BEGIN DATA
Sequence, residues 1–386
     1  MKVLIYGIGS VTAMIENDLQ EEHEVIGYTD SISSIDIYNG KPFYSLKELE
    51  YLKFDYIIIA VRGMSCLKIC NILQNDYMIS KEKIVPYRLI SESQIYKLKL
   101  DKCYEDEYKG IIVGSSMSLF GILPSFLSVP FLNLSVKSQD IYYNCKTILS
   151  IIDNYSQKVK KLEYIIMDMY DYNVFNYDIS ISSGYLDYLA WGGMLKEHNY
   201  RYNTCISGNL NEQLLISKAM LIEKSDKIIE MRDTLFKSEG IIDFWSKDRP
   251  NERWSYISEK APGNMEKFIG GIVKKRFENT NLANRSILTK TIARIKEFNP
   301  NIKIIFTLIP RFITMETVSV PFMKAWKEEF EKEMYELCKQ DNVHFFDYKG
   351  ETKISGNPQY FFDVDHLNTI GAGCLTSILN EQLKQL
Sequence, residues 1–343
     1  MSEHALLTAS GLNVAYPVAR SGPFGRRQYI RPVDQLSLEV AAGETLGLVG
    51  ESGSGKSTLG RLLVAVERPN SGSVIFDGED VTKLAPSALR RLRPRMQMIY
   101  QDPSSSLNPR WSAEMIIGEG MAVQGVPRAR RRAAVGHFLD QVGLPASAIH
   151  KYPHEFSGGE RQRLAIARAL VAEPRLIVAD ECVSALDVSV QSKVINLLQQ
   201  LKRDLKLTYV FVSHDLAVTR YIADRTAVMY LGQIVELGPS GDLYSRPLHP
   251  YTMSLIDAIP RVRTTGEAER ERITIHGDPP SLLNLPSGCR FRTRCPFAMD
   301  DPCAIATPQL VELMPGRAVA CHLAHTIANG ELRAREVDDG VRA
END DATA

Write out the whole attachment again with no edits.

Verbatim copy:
Sequence, residues 1–386
     1  MKVLIYGIGS VTAMIENDLQ EEHEVIGYTD SISSIDIYNG KPFYSLKELE
    51  YLKFDYIIIA VRGMSCLKIC NILQNDYMIS KEKIVPYRLI SESQIYKLKL
   101  DKCYEDEYKG IIVGSSMSLF GILPSFLSVP FLNLSVKSQD IYYNCKTILS
   151  IIDNYSQKVK KLEYIIMDMY DYNVFNYDIS ISSGYLDYLA WGGMLKEHNY
   201  RYNTCISGNL NEQLLISKAM LIEKSDKIIE MRDTLFKSEG IIDFWSKDRP
   251  NERWSYISEK APGNMEKFIG GIVKKRFENT NLANRSILTK TIARIKEFNP
   301  NIKIIFTLIP RFITMETVSV PFMKAWKEEF EKEMYELCKQ DNVHFFDYKG
   351  ETKISGNPQY FFDVDHLNTI GAGCLTSILN EQLKQL
Sequence, residues 1–343
     1  MSEHALLTAS GLNVAYPVAR SGPFGRRQYI RPVDQLSLEV AAGETLGLVG
    51  ESGSGKSTLG RLLVAVERPN SGSVIFDGED VTKLAPSALR RLRPRMQMIY
   101  QDPSSSLNPR WSAEMIIGEG MAVQGVPRAR RRAAVGHFLD QVGLPASAIH
   151  KYPHEFSGGE RQRLAIARAL VAEPRLIVAD ECVSALDVSV QSKVINLLQQ
   201  LKRDLKLTYV FVSHDLAVTR YIADRTAVMY LGQIVELGPS GDLYSRPLHP
   251  YTMSLIDAIP RVRTTGEAER ERITIHGDPP SLLNLPSGCR FRTRCPFAMD
   301  DPCAIATPQL VELMPGRAVA CHLAHTIANG ELRAREVDDG VRA